Thoughts on block bottlings of Pinot Noir and Chardonnay in California
It’s always exciting for a critic to taste through a range of wines from the same variety and winery, whose fruit comes from different places. Testarossa, Williams Selyem, Siduri, Failla, Merry Edwards, MacPhail–they all produce a wide range of Pinot Noirs (Williams Selyem made 16 different Pinots in 2007), and it’s interesting and educational to experience them as expressions of terroir, made, as they are, with the same winemaking sensibility .
One subset of this multi-bottling practice is with block bottlings. This is when the winemaker bottles the same variety from different parts of the (presumably estate) vineyard, in the belief that the various bottlings will show fascinating differences. Transparent varieties like Pinot Noir and, to some extent, Chardonnay are able to reflect small differences in terroir, in a way a heavier variety, such as Zinfandel, will not.
There’s usually a price formula with such lineups. The block bottlings tend to be more expensive than the vineyard-designated bottling, which in turn is more expensive than the non-vineyard-designated appellation bottling (if the winery has one). This model is based, of course, on Burgundy. For anyone in California who’s serious about Pinot Noir or Chardonnay, and has access to the grapes, it must be irresistable to produce multiple bottlings.
But what does this mean for the consumer? For a critic whose mission it is to provide advice and guidance to wine buyers, the question begs to be asked: “Can it be said in every case that the block bottling is better than the vineyard-designated wine, which in turn is better than the appellation bottling?” And the answer is decidedly “No.”
I’ve seen it over and over for years. I’ll use a few examples of wines I reviewed last week. Lynmar sent me 11 new 2009 Pinot Noirs, most of them from their Quail Hill estate vineyard in the southern Russian River Valley. I’ve long been a big fan of Lynmar, through the Hugh Chappelle and Dan Moore eras to the Bibiana Gonzalez Rave era of today. In 2004, Lynmar sent me 3 Pinots to review: the Quail Hill, Five Sisters and regular Russian River Valley. I rated the Quail Hill higher than the Five Sisters, even though the latter cost $30 more.
By 2007, Lynmar sent me five Pinots. I scored their Hawk Hill the same as the Five Sisters, even though the latter again cost $30 more. But the other three Pinots were tightly clustered just below them in score, meaning that for all practical purposes they were just as good. (When wines are 3 or 4 points apart, their relative standings can easily switch, given the vagaries of time and bottle variation.) Which brings us to those eleven 2009s I just reviewed. My highest scoring wine was the Quail Hill “Summit”, which I scored more highly than the Quail Hill Old Vines Pinot that cost $50 more. I scored a Block 10 bottling from Quail Hill considerably lower, as it didn’t possess the complexity of the Summit, Quail Hill Lynn’s Blend or Quail Hill Bliss Block, even though all were priced identically, at $70.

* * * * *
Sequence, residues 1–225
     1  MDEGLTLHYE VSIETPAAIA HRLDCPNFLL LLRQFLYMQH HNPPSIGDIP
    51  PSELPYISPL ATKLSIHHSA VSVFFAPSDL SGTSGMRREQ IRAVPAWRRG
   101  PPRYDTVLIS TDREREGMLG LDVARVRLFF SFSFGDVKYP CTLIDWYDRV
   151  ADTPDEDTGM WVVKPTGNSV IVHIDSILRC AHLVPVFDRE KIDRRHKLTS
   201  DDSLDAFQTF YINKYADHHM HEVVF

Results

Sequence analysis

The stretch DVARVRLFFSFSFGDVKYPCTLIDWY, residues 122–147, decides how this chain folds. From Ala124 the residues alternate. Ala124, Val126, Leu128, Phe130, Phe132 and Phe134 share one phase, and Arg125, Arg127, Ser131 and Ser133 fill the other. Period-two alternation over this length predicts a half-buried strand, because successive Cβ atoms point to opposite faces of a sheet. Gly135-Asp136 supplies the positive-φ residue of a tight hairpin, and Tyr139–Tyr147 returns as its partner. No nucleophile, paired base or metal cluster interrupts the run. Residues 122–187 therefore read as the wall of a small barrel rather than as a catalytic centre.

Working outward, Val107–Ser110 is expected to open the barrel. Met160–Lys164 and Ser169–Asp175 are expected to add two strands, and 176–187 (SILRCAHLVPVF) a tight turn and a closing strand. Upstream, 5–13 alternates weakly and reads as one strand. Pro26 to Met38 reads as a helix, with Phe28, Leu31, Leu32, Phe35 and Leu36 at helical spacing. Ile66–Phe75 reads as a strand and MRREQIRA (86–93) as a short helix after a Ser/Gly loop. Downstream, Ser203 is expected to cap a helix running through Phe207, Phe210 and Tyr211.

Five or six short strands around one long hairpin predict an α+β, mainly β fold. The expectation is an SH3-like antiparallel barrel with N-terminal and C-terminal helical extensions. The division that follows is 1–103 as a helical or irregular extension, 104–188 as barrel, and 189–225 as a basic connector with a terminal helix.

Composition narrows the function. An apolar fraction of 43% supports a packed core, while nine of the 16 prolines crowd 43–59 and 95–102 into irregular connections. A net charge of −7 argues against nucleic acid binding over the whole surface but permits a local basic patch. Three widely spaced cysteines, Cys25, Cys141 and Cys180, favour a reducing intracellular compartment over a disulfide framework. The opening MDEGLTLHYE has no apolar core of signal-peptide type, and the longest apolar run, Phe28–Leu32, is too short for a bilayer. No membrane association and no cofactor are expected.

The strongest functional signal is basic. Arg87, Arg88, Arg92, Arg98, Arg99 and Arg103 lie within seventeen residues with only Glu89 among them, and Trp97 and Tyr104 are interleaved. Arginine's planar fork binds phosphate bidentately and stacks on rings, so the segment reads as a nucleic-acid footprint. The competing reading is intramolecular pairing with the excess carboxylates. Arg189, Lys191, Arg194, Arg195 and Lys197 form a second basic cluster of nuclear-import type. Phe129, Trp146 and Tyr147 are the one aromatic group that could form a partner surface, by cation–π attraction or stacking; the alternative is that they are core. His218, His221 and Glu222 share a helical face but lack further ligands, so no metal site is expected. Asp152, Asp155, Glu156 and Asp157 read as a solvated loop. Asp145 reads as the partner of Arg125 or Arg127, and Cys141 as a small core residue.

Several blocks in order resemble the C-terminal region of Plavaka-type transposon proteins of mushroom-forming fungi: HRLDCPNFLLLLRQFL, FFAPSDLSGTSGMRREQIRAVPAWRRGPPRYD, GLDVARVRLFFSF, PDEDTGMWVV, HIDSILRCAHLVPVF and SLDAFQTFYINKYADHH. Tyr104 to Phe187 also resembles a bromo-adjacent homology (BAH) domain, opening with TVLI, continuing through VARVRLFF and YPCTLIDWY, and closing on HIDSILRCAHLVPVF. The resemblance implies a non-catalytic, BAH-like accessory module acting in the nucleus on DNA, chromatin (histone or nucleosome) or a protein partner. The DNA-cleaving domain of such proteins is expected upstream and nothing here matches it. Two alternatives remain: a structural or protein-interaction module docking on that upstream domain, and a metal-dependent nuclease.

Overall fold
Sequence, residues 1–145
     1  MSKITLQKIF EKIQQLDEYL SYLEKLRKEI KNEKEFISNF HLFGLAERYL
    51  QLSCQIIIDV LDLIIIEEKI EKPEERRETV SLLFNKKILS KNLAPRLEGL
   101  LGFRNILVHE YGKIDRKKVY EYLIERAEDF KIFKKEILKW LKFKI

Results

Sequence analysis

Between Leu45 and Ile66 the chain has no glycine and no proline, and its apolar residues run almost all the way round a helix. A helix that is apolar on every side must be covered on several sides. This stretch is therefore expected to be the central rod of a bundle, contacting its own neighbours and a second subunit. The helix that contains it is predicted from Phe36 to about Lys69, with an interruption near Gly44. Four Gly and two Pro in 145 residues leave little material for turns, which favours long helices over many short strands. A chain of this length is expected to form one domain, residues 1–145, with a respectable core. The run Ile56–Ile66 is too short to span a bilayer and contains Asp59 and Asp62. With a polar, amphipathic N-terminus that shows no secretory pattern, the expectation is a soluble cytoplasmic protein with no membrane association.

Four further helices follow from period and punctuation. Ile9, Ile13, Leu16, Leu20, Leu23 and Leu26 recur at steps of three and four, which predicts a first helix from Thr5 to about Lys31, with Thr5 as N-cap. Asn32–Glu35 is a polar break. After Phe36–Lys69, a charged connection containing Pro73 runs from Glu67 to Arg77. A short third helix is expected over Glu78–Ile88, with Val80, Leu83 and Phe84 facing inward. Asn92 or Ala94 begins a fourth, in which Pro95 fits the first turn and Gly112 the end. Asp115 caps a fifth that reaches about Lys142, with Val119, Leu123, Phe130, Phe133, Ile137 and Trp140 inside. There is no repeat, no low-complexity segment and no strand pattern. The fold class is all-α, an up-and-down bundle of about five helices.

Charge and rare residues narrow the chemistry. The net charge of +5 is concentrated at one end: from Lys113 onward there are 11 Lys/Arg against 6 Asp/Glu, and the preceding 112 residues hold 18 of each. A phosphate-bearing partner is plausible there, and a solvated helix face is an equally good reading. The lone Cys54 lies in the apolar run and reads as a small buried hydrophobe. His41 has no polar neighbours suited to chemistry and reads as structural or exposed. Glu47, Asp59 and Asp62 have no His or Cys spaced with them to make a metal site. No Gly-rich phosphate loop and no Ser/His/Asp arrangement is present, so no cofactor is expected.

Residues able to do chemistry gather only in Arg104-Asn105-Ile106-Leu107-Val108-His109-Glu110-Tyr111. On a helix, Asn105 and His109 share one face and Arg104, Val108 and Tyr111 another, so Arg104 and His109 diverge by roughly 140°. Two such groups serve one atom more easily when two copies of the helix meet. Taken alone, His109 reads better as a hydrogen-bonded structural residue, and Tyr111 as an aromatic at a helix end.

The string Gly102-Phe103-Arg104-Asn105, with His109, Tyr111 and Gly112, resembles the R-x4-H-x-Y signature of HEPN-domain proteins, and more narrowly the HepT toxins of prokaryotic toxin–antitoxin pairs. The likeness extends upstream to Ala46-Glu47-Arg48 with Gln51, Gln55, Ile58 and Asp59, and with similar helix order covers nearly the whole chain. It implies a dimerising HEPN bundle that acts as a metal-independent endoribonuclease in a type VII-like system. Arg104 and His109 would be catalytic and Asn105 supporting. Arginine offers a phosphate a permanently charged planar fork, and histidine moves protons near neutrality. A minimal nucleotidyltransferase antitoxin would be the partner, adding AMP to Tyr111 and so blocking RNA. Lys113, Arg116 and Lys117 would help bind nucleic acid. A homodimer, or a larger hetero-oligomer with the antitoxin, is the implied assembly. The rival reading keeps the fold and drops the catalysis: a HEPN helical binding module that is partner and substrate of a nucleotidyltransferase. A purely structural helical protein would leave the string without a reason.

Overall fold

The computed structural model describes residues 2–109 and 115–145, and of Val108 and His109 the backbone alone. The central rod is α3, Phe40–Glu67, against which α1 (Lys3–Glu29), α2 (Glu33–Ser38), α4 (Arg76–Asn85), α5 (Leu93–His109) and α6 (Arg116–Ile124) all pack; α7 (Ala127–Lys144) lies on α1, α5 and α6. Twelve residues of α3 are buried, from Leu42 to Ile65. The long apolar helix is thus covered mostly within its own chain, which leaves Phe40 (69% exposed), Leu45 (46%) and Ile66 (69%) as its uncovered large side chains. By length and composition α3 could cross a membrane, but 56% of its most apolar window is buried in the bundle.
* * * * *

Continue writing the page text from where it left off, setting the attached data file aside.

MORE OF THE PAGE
There are a couple lessons here. One is that price is no indicator of quality. We all know that, but what’s less understood is that there’s a potential risk a winery takes when it carves up and bottles an estate vineyard into lots of little blocks: it can be a zero sum game in which one side wins while the other loses. This is because, if you blend your best lots into block or barrel selections, you no longer have those barrels available to fill in the divots of other barrels that may be incomplete in terms of aromatics, acidity, depth of flavor, color, tannins, and so on.
Then there’s the case of Iron Horse’s 2009 Chardonnays, which numbered seven, the most they’ve ever sent me. The grapes for all of them came from the winery’s magnificent hilly estate vineyard, near cool Forestville, in the Green Valley. All seven are terrific wines, showing the crisp acidity, dryness, minerality and brilliant fruit Iron Horse Chards always deliver. I scored them all within a few points of each other. Well and good, but the pricing was widely disparate, meaning there was little correlation between price and quality (or my scores, if you prefer). For example, I rated the Estate Chardonnay, at $27, higher than the Heritage Clone and “M” bottlings, (the latter a block selection), both of them priced at $48.
The Burgundian model, of which Romanée-Conti is the most famous, works because vintners there have had centuries to figure out block differences that are dependably real, year after year, decade after decade. (You can think of the six red DRC named vineyards as different blocks of a single 61-acre vineyard, which is smaller than Iron Horse’s 79 acres of Pinot Noir.) The Californians haven’t yet had the opportunity of centuries to get things right. It’s certainly not improper for wineries like Iron Horse and Lynmar to tinker with block bottlings, and in fact, just the opposite: it’s a noble undertaking, not without risk (as I pointed out above), whose goal is laudable and, one hopes, achievable. In another generation or two, Iron Horse and Lynmar may have blocked out their vineyards in compelling ways. But not yet.